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Wednesday, July 23, 2014
Pharmacy and Medications
Liver & Kidney Problems
what medications or foods can cause liver and liver damage
Overall, the liver has many functions. The liver produces substances that breakdown fats, break down carbohydrates, make and break down certain amino acids (the building blocks of proteins), filter or metabolize other substances from the blood (such as alcohol or medications), storage of vitamins and minerals (vitamins A, D, K and B12), and maintain a proper level of glucose in the blood.
Many foods and medications may cause injury to the liver. In general, the liver is known as the “de-toxification” organ that helps to break down and metabolize toxins and foreign substances in the body. Taking the recommended dosages of medications may not cause liver damage, but use of a dose higher than the recommended dosages stated on the bottle may lead to liver damage.
An example of an over-the-counter medication that may lead to liver damage if taken in higher than recommended amounts is acetaminophen, the active ingredient in the branded product Tylenol®. In addition, there is much evidence that alcohol use may lead to liver injury if consumed chronically or in high amounts. In many instances, however, liver injury is an unpredictable peculiarity found to occur in an individual (an idiosyncratic reaction), but not necessarily found to occur in all persons.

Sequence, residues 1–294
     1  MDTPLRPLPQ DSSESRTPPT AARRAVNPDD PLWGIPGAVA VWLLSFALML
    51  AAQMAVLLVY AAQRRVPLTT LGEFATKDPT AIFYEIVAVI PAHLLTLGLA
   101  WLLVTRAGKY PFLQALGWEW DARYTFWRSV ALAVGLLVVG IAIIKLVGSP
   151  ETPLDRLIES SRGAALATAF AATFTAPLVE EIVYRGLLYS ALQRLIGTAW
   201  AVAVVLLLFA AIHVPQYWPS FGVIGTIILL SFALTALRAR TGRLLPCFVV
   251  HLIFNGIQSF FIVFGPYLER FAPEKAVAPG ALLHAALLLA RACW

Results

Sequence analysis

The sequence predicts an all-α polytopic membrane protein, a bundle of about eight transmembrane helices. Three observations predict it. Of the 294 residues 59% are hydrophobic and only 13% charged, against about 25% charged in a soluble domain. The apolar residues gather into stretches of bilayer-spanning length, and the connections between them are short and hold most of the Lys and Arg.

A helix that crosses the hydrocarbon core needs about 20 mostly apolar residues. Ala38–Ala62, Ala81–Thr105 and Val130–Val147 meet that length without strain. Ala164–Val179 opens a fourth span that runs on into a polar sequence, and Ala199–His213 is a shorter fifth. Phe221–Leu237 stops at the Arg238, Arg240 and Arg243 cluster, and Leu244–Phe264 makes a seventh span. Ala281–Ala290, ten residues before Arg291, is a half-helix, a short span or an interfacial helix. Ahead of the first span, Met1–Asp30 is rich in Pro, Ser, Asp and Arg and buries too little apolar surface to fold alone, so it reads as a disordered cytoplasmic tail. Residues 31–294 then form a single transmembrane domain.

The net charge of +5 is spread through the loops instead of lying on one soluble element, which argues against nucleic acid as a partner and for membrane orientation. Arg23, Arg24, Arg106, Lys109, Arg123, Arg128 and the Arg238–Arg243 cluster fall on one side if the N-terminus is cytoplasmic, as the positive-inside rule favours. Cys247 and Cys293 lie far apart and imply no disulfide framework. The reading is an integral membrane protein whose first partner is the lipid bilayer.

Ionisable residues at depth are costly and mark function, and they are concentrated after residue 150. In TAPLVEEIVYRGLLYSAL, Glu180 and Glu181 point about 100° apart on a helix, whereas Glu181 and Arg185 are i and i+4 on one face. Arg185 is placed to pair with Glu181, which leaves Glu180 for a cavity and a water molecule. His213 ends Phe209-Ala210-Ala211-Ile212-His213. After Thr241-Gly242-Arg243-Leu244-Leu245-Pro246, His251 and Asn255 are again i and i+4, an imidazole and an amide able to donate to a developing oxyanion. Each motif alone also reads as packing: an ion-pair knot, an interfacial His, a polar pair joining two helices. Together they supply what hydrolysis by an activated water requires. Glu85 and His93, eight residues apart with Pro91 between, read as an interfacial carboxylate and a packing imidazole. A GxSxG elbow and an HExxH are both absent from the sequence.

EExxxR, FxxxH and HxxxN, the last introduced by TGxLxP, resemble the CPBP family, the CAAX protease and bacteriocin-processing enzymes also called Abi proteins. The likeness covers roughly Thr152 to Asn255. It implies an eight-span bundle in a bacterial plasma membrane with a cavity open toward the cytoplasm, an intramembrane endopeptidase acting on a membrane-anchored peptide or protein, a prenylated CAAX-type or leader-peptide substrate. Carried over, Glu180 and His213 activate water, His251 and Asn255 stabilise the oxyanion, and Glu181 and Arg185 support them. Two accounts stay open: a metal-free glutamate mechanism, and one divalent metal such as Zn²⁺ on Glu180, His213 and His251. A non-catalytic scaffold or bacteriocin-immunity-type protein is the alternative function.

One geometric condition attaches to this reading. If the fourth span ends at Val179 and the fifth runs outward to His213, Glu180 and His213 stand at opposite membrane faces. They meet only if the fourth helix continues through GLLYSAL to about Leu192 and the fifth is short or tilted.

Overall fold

If there were a specific medication or food that you are concerned about causing liver damage, I would recommend that you write back with another question on that specific item.
Submitted by Lauren Kelly, PharmD candidate, James L. Winkle College of Pharmacy,
Jan Scaglione, MT, PharmD, D.ABAT
Assistant Professor of Pharmacy Practice
College of Medicine
University of Cincinnati